Most democratic theorists agree that concentrations of wealth and power tend to distort the functioning of democracy and ought to be countered wherever possible. Deliberative democrats are no exception: though not its only potential value, the capacity of deliberation to ‘neutralise power’ is often regarded as ‘fundamental’ to deliberative theory. Power may be neutralised, according to many deliberative democrats, if citizens can be induced to commit more fully to the deliberative resolution of common problems. If they do, they will be (...)
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  36. A demonstration of the being and attributes of God.Samuel Clarke - 2007 - In Elizabeth Schmidt Radcliffe, Richard McCarty, Fritz Allhoff & Anand Vaidya (eds.), Late modern philosophy: essential readings with commentary. Oxford: Wiley-Blackwell.
  37. A general theory of ecology.Samuel M. Scheiner & Michael R. Willig - 2011 - In Samuel M. Scheiner & Michael R. Willig (eds.), The theory of ecology. London: University of Chicago Press.
  38.  21
    The theory of ecology.Samuel M. Scheiner & Michael R. Willig (eds.) - 2011 - London: University of Chicago Press.
    Despite claims to the contrary, the science of ecology has a long history of building theories. Many ecological theories are mathematical, computational, or statistical, though, and rarely have attempts been made to organize or extrapolate these models into broader theories. The Theory of Ecology brings together some of the most respected and creative theoretical ecologists of this era to advance a comprehensive, conceptual articulation of ecological theories. The contributors cover a wide range of topics, from ecological niche theory to population (...)
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  39. Attention need not always apply: Mind wandering impedes explicit but not implicit sequence learning.Samuel Murray, Nicholaus Brosowsky, Jonathan Schooler & Paul Seli - 2021 - Cognition 209 (C):104530.
    According to the attentional resources account, mind wandering (or “task-unrelated thought”) is thought to compete with a focal task for attentional resources. Here, we tested two key predictions of this account: First, that mind wandering should not interfere with performance on a task that does not require attentional resources; second, that as task requirements become automatized, performance should improve and depth of mind wandering should increase. Here, we used a serial reaction time task with implicit- and explicit-learning groups to test (...)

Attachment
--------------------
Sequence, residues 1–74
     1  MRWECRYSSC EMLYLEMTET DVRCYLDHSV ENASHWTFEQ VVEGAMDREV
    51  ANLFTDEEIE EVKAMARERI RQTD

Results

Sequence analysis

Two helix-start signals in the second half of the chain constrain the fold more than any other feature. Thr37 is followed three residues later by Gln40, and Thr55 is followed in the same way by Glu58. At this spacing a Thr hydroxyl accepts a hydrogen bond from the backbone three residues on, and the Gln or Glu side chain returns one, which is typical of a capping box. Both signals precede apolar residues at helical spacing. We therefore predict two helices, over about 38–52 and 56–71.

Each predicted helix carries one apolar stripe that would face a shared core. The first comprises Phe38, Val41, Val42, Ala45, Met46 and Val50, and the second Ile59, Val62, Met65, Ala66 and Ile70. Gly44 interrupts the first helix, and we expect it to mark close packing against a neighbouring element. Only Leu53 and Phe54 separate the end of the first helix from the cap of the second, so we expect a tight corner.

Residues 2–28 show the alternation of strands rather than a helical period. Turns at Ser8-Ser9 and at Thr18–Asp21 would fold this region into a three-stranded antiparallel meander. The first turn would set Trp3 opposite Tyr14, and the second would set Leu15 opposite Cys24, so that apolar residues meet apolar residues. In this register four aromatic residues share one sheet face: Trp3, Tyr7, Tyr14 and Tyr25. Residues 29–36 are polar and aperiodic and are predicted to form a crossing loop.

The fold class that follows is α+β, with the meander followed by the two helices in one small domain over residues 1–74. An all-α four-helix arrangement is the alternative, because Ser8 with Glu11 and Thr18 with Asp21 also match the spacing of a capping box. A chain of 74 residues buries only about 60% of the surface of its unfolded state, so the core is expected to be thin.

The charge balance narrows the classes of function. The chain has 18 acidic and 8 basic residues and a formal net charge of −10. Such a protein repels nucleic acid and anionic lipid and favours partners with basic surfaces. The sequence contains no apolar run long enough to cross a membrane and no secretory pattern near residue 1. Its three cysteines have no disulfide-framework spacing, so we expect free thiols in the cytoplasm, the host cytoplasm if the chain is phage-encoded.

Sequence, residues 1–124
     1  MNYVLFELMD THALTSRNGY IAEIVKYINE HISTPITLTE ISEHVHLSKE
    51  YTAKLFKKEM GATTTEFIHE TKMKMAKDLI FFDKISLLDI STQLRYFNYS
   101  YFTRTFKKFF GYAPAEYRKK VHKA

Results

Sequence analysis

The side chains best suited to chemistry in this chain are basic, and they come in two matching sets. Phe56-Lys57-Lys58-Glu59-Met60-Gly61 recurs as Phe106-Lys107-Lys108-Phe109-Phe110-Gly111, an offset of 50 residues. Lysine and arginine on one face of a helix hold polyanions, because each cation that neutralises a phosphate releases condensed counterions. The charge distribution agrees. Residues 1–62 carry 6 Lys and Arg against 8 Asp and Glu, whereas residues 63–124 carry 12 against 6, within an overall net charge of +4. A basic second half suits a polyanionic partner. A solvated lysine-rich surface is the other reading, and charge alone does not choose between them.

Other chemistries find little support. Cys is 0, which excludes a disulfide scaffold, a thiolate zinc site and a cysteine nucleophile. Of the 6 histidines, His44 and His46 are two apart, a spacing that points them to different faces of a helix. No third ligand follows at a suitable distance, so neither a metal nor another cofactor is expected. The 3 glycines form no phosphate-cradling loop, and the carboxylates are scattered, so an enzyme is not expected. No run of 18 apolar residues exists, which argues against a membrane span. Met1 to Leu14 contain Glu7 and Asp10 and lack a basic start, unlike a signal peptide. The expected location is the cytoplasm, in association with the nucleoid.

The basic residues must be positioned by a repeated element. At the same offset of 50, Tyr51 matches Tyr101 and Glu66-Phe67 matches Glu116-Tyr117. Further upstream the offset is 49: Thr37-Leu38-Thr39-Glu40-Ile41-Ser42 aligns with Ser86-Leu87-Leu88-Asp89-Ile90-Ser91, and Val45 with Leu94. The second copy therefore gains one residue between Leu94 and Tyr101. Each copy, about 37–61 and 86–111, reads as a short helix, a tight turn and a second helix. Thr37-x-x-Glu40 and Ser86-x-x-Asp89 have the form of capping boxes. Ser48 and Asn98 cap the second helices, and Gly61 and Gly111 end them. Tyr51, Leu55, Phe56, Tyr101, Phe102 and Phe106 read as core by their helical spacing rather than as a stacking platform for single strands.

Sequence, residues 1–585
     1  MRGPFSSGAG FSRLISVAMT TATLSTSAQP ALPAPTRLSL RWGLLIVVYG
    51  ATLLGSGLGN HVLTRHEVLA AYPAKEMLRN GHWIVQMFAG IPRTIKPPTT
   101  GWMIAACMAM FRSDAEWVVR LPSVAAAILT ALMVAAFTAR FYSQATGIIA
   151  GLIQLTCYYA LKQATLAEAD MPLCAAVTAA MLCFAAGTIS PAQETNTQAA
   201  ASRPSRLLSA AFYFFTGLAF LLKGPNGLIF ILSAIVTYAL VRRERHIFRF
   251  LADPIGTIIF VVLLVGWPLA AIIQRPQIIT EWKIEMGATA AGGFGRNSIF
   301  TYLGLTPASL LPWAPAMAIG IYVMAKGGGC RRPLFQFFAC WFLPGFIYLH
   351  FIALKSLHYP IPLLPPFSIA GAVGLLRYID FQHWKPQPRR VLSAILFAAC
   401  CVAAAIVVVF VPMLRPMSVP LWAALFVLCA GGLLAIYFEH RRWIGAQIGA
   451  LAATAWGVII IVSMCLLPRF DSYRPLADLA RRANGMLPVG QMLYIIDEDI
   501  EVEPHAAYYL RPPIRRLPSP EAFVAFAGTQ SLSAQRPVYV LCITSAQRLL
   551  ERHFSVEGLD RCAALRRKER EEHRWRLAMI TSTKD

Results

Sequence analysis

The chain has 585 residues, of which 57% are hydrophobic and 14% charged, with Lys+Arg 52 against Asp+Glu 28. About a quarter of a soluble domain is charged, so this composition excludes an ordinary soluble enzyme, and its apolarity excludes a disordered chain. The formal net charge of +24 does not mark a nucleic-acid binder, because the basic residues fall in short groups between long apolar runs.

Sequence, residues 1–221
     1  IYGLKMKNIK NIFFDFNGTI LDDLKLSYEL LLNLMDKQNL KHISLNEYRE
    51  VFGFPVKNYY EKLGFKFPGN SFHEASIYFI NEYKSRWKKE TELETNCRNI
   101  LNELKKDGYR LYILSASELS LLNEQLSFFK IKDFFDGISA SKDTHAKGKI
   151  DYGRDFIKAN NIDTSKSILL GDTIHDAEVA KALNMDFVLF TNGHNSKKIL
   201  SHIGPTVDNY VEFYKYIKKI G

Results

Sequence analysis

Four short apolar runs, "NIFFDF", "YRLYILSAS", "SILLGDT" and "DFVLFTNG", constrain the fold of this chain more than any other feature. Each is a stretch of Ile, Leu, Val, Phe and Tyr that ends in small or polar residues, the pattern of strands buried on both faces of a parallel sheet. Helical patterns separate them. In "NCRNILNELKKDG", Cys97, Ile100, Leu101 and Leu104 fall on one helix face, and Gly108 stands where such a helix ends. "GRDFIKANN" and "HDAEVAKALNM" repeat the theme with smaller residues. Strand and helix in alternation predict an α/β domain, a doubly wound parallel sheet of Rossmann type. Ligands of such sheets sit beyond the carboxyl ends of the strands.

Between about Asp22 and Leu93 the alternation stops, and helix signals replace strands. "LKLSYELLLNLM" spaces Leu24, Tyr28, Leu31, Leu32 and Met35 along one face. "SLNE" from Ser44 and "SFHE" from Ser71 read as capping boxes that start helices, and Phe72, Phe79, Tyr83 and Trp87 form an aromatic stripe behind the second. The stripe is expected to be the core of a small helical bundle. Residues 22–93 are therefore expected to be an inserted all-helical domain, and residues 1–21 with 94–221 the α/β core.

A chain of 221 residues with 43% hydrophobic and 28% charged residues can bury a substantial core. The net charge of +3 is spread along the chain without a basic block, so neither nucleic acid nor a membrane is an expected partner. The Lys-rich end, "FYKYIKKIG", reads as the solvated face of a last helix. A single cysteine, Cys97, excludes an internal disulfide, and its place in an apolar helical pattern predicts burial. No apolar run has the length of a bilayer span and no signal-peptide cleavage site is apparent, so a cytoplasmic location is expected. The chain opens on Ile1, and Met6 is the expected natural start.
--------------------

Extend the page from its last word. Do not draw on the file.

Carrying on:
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  40. Variabilism.Samuel Cumming - 2008 - Philosophical Review 117 (4):525-554.
    Variabilism is the view that proper names (like pronouns) are semantically represented as variables. Referential names, like referential pronouns, are assigned their referents by a contextual variable assignment (Kaplan 1989). The reference parameter (like the world of evaluation) may also be shifted by operators in the representation language. Indeed verbs that create hyperintensional contexts, like ‘think’, are treated as operators that simultaneously shift the world and assignment parameters. By contrast, metaphysical modal operators shift the world of assessment only. Names, being (...)
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  41.  47
    Physics of the Stoics.Samuel Sambursky - 1959 - Princeton, N.J.: Princeton University Press.